The Hymns and Carols of Christmas

Dives and Lazarus

For Christmas

Words: English Traditional from Notes and Queries, Ser. 4, vol. iii, 76.

Music: "Lazarus"; the tune noted by A. J. Hipkins, Esq., F.S.A., in Westminster

Source: Lucy E. Broadwood and J. A. Fuller Maitland, English Country Songs. (London: The Leadenhall Press, 1893), pp. 102-103.

See: Bramley and Stainer, Dives and Lazarus, with Notes.

A Carol of Diverus1 and Lazarus.

Sung by Carol-Singers at Christmas in Worcestershire, at Hagley and Hartlebury, 1829-1839.

1 As it fell out upon one day.
     Rich Diverus he made a feast;
And he invited all his friends,
     And gentry of the best.
And it fell out upon one day,
     Poor Lazarus he was so poor,
He came and laid him down and down,
     Ev'n down at Diverus' door.

2 So Lazarus laid him down and down,
     Ev'n down at Diverus' door;
" Some meat, some drink, brother Diverus,
     Do bestow upon the poor."
"Thou art none of mine, brother Lazarus,2
    
Lying begging at my door,
No meat, no drink will I
give thee,
     Nor bestow upon the poor."

3 Then Lazarus laid him down and down,
     Ev'n down at Diverus' wall;
" Some meat, some drink, brother Diverus,
     Or surely starve I shall"
"Thou art none of mine, brother Lazarus,
     Lying begging at my wall;
No meat, no drink will I give thee,
     And therefore starve thou shall."

4 Then Lazarus laid him down and down,
     Ev'n down at Diverus' gate;
" Some meat, some drink, brother Diverus,
     For Jesus Christ his sake."
" Thou art none of mine, brother Lazarus,
     Lying begging at my gate,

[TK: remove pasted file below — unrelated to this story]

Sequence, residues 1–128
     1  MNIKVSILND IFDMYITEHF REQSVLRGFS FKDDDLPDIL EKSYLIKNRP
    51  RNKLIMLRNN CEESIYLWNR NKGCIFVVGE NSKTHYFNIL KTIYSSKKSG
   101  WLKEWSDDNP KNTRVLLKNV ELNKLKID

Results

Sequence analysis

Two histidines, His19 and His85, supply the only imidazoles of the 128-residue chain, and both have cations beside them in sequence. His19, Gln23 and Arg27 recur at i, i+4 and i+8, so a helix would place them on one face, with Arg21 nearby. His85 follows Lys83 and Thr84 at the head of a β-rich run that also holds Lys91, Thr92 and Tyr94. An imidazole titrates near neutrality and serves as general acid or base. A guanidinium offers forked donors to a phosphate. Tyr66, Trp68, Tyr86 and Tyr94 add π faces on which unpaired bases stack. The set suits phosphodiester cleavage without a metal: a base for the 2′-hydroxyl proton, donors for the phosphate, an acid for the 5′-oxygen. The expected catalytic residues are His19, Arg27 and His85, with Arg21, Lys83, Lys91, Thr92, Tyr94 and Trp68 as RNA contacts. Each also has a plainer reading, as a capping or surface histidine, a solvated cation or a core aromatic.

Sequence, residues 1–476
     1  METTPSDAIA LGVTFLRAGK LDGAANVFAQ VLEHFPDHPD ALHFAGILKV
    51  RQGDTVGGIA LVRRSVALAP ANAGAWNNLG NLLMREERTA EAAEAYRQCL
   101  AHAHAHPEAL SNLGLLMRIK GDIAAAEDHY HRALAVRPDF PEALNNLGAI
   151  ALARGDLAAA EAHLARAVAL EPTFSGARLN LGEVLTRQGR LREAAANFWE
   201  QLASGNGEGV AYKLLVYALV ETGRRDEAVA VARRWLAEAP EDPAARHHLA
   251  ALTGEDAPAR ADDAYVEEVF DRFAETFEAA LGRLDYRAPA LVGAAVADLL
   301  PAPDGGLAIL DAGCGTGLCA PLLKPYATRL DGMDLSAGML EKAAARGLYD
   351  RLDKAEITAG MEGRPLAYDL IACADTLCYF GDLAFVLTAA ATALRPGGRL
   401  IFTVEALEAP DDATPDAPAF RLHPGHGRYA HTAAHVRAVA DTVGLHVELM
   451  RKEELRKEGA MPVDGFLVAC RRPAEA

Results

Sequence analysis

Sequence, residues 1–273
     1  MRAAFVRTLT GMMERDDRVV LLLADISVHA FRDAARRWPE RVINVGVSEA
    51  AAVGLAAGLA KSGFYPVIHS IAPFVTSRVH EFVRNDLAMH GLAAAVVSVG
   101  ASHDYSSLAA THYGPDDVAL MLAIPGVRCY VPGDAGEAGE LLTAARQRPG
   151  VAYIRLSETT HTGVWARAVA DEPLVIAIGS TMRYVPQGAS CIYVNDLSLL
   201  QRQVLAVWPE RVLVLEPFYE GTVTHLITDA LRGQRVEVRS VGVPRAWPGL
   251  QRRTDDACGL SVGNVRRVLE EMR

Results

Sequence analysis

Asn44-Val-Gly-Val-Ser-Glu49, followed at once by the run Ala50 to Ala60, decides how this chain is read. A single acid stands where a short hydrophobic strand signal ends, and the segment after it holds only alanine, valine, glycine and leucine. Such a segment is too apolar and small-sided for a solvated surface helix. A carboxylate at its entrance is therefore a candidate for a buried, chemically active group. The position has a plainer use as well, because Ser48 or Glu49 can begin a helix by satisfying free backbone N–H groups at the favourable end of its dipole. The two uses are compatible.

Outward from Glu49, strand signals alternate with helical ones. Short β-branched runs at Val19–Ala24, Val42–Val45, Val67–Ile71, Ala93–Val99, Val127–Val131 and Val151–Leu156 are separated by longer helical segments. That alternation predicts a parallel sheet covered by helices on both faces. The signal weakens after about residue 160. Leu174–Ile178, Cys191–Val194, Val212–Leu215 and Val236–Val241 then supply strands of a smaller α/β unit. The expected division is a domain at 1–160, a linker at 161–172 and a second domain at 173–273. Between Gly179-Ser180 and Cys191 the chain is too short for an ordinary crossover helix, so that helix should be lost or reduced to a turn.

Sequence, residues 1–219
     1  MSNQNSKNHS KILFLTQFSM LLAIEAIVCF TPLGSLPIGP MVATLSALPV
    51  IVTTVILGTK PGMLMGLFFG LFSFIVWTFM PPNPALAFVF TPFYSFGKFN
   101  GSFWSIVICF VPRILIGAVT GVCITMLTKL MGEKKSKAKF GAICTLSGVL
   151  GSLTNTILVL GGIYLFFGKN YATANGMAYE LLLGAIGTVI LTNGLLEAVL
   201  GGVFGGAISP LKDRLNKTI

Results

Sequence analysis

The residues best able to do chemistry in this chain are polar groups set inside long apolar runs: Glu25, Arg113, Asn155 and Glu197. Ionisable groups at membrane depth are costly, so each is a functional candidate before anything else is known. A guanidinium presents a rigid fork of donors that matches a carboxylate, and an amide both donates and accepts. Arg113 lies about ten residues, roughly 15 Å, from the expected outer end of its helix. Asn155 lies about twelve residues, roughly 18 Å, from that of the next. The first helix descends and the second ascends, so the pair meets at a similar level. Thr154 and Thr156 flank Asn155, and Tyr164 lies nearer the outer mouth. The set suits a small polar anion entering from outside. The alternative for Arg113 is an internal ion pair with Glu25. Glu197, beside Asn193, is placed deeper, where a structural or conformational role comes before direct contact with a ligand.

No meat, no drink will I give thee,
     For Jesus Christ his sake."

5 Then Diverus sent his merry men all,
     To whip poor Lazarus away;
They had not power to whip one whip,
     But threw their whips away.
Then Diverus sent out his hungry dogs,
     To bite poor Lazarus away;
They had not power to bite one bite,
     But licked his sores away.

6 And it fell out upon one day,
     Poor Lazarus he sickened and died ;
There came two angels out of heaven,
     His soul thereto to guide.
" Rise up, rise up, brother Lazarus,
     And come along with me,
There is a place prepared in heaven,
     For to sit upon an angel's knee."

7 And it fell out upon one day,
     Rich Diverus sickened and died;
There came two serpents out of hell
     His soul thereto to guide.
Rise up, rise up, brother Diverus,
     And come along with me ;
There is a place prepared in hell,
     For to sit upon a serpent's knee."3

Footnotes from F.S.L. in Notes and Queries:

1. "Diverus" always; never "Dives." Return

2. Always so sung; not "Thou art none of my brother, Lazarus." Return

3. In the later years this line was sometimes changed for --

"From which thou canst not flee";

but the original form was as given.

The carol invariably ended here, but it is surely only a fragment. Return

Sheet Music from Broadwood and Fuller-Maitland
MIDI / Noteworthy Composer / PDF

Notes from Broadwood and Fuller Maitland:

"The tune noted by A. J. Hipkins, Esq., F.S.A., in Westminster;
the words from Notes and Queries, Ser. 4, vol. iii, 76."